Josiah stood on the knee-caps of his wife’s armor, withdrawing from that incensed mood and crossing his arms at his chest. He smiled faintly, either out of a pang of regret or out of sublime cruelty.
“Do you remember when they brought me to you?” Josiah asked in a soft voice. “You were chained down to the altar already. At first I didn’t know it was you. You were just another one of the paladins the Burning Legion was claiming for itself, and I would have never imagined that you. But they made sure I knew. At first I was elated. It was a promotion! Only those who would be more than mere acolytes were called upon to rip the soul out of a paladin. The demons had such grand plans for them, for the power they held…”
“Then, I saw it was you. They made sure you knew it was me too, didn’t they? They told you, just so you would be ready, just so you would be filled with so much anger so that when they made their offer, you just couldn’t turn it down.”
He took his dagger out of his belt, and stabbed it into a fissure that, cleanly, was just wide and long enough for the serpentine blade to slip in. It rang hollow when the hilt hit home.
“See? It still fits”, he whispered obscenely. “Just as it did back then, while they watched me do this to you. And after it was done, they carried me away. I wish I could’ve been there for the conversation you had with when they turned you away from your precious Light. Oh, to have listened to you for once, just once, telling the truth.”
Josiah sucked in a breath through his teeth as he straightened, grasping the rim of the armor’s chest-plate, scathing it with his stare. “I remember the next time I saw you so vividly. You were wearing this. It fit you so well back then.” Biting into his lip, Josiah was seized by the memory. “You were seething so angrily, so beautifully. I was in love with it, even while I screamed. You had the ghouls hound me, pin me, tearing me apart. Do you remember what you told me then? Do you?”
Josiah stepped back across the armor’s thigh lifting his head as his emotion bubbled to froth. “You said ‘Taste your immortality!’ As if that was all I was after! As if I hadn’t been fighting for you! For our son! Immortality?! You foolish wench! It was for freedom! Our freedom!”
He swung his fist at the helm, knocking it off the rest of the armor with the anti-climatic sound of a pot being flung. Glaring down at it incandescently, he roared with his squeaky voice. “You tasted your own as well, that night! You drank deep from that chalice, darling! And when you took your sword and stabbed right through my soul, I got to see just how much!”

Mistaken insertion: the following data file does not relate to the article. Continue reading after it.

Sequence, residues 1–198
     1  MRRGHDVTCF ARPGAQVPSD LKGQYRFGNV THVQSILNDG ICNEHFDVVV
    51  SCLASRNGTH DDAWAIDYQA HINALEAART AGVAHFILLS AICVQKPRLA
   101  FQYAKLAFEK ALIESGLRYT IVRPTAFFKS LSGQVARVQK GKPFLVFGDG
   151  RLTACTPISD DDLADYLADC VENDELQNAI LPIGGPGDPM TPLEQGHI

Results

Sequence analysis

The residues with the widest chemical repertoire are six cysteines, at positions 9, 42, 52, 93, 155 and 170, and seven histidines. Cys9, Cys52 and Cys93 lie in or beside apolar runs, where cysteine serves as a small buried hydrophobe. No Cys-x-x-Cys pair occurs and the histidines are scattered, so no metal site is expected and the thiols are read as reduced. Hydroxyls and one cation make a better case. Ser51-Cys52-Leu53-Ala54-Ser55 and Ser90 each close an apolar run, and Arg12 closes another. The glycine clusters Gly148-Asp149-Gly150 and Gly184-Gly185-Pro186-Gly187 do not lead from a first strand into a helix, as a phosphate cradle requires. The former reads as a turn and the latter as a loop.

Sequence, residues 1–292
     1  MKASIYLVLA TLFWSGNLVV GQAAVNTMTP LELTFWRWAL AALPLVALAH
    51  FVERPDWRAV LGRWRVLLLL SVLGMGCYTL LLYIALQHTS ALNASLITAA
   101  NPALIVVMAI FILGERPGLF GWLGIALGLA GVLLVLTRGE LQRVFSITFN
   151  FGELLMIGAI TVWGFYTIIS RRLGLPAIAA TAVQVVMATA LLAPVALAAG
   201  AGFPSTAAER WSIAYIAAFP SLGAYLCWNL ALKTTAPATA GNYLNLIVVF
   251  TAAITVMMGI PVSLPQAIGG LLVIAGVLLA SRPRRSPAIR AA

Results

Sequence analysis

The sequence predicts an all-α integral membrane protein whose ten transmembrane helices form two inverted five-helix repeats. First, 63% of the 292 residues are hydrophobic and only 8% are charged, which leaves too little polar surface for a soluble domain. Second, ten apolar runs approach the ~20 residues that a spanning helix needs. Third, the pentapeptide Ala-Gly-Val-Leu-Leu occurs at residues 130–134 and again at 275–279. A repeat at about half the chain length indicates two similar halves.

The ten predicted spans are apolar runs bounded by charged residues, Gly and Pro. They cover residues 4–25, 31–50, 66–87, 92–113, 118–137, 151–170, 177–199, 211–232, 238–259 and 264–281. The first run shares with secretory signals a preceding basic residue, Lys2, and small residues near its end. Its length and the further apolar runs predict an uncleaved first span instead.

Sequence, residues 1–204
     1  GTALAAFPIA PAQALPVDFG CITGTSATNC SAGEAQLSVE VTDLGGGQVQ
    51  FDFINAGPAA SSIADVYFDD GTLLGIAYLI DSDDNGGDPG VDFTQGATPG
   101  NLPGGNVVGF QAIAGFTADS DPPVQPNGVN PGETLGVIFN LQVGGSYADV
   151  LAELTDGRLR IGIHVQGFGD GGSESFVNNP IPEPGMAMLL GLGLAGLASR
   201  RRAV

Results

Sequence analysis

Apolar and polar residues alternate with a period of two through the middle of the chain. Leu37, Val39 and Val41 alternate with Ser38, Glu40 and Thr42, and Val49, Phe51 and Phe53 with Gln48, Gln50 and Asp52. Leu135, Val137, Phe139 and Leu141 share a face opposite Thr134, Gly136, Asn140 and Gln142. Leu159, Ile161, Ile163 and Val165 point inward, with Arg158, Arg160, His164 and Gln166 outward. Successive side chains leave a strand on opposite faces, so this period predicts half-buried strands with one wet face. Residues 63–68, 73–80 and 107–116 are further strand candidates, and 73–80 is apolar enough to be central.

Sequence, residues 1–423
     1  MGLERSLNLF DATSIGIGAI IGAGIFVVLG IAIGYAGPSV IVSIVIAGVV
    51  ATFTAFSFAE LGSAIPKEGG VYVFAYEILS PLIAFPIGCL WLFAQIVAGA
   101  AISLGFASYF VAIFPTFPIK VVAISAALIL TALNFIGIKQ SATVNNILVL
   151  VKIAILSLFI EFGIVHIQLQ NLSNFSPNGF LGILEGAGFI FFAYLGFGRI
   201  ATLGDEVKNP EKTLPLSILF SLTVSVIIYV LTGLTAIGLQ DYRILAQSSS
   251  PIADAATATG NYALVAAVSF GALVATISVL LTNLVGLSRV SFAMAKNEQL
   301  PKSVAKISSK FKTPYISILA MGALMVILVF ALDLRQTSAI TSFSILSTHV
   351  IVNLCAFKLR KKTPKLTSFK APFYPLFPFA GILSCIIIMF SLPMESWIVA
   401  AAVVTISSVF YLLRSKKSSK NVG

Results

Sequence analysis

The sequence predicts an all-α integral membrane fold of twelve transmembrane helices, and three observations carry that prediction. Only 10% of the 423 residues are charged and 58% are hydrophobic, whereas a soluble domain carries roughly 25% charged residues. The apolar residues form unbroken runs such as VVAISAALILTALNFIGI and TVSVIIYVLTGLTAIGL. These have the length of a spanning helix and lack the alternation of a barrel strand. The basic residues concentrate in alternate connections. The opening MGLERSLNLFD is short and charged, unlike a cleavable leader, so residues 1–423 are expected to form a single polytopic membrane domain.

Taking a deep breath, he stepped down from the armor’s thighs to pick up the lonesome helm, scowling, almost sadly now, at it. “You really, really wanted me dead, didn’t you? Not only dead, you wanted to unmake me so that I couldn’t even be a ghost. You sent my soul into the void to burn away to nothing.” At that, he smirked unpleasantly, embittered. “It didn’t quite work out that way, now did it?”
As he dusted off the helm and clambered back onto the armor to replace it, Josiah sighed as he told it a tale. “There once was a gnome, Herbert Rattleflash, who thought he would compete in the teleportation market. He was a clever one. He thought to himself, ‘we can do it without a receiving pad! We just have to go through the inter-planar dominion’” Here, Josiah paused. He arched a brow as he fastidiously adjusted the helm back precisely where it was a moment ago. “At least, he thought something along those lines. I don’t rightly recall. Nevertheless! Lo did he find his shortcut, straight to me. I had been there, for centuries, minutes, years, moments, thoughts, breaths! He found me, and I saw the way out, through him. Oh the secrets I learned, watching, suffering, listening, wailing as so many things flew past. I saw how Sargeras’ star dawned on the universe’s horizon, torn from its body and streaking across nothingness’ sky!”
Cackling again momentarily, Josiah allowed the last of that angry, frantic energy to evaporate from him. The air still sizzled faintly as the breeze brushed against him. All he had left was his scowl. He stood there for a moment, staring deep into what he imagined where her eyes would be.
“Those secrets led me to you, my love. I hunted you down just as surely as you hunted me that night. It took me years. It took the blood and death of plenty of others for me to stand here.” Josiah tightened his jowls again, but there was no blood in it, none of that effervescent hatred there was a moment ago. “I can bring you back. I can enslave you to my will. I can make you remember. I can give you your mind back, free to hate me, free to suffer as you ought to. But I won’t! I won’t crush your pitiful little soul back into this empty thing! I won’t make you see what you lost, what you did to me! I won’t demand my pound of flesh from you!”
By then, he was screaming again, his face contorted with an emotion between inconsolable grief and anger. “I won’t put you through any of that! Do you hear me?! I won’t!” He brought his hands sharply onto his face as he hunched his head down, shaking where he stood.
“I won’t”, he muttered as he reined himself in, grimacing still as he straightened. “I’m going to let you rest instead. Rest, forget. Find your way somewhere new, away from all of this, away from them, away from me.”
He leapt down from the armor’s knees then, turning his back on it, walking away with the clatter of the chains coiled on his limbs. Before he was out of sight, however, he stopped, and glanced over his shoulder.
“Just carry one thing you, wherever it is you go. You failed! I won, and you, -you-, failed!”
He was gone a moment later, and the forest’s voice closed around the fading echo of his farewell.